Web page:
I'm not saying the Japanese wouldn't have lost - which they likely would have given 4 modern US BBs against 1 Yamato and 3 WW1 era ships, I'm saying that without the psychological hurdle of facing US air power the battle would not be quite as one sided as the battle of Samar would suggest and between 4 BB/BCs and 150+ long lances if Kurita presses the attack the US is going to take some damage in return.

You have NO idea what you are talking about.......no credibility whatsoever. Everything you have supposed has flown in the face of ACTUAL IJN compace performance. You can continue to live in this fantasy world that you try to foist on me, but I'm not buying into it. This was where the Japanes should have thrown it all on the table, they were doing what they had set out to do......and they choked. They turned and withdrew. They withdrew away from a few DDs and some mightily pi$$ed CVE planes. I'm sorry, you just cannout expect anyone to believe that they would have done any better against TF 34's BBs had they have been formed.

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Re: Task Force 34 vs. Kurita's Center Force

Postby alecsandros » Tue Feb 07, 2012 10:05 am

boredatwork wrote:While it's not entirely out of the realm of possibility that a lucky hit from Kalinin Bay (or White Plains) might have detonated the Chokai's Torpedoes and that explosion fataly damaged her and directly led to her loss - I would say in the absence of any really persuasive evidence to confirm that possibility I would only say the CVEs might have contributed to her sinking with gunfire, not that their gunfire was the primary cause of her sinking as your statements imply.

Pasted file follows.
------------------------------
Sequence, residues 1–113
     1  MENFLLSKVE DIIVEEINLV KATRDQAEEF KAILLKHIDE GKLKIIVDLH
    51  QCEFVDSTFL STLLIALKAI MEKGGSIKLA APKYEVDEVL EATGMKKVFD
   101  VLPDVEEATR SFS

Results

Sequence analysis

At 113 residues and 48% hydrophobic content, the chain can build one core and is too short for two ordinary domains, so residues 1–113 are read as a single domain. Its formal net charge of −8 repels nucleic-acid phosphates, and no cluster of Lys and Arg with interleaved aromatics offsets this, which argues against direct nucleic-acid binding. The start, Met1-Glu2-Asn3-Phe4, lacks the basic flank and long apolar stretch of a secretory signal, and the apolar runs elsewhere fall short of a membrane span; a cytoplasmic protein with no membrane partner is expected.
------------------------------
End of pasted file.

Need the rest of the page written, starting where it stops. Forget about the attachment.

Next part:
But can you imagine the embarassment if this was the case ? :D (Chokai crippled by CVE gunfire)

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Re: Task Force 34 vs. Kurita's Center Force

Postby tommy303 » Tue Feb 07, 2012 8:54 pm

I think such a hit would have been enormously 'lucky' if it occurred at all, given that 16,000 yards is very near the absolute maximum range of the 5-in/38 and well over what one would expect to be the gun's effective range against a surface target.

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Re: Task Force 34 vs. Kurita's Center Force

Postby Rick Rather » Wed Feb 08, 2012 3:01 am

Anyone who's read Pratchett knows that million-to-one shots work 9 times out of 10. The trick is adjusting the odds to exactly one million to one.
Just because it's stupid, futile and doomed to failure, that doesn't mean some officer won't try it.
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Re: Task Force 34 vs. Kurita's Center Force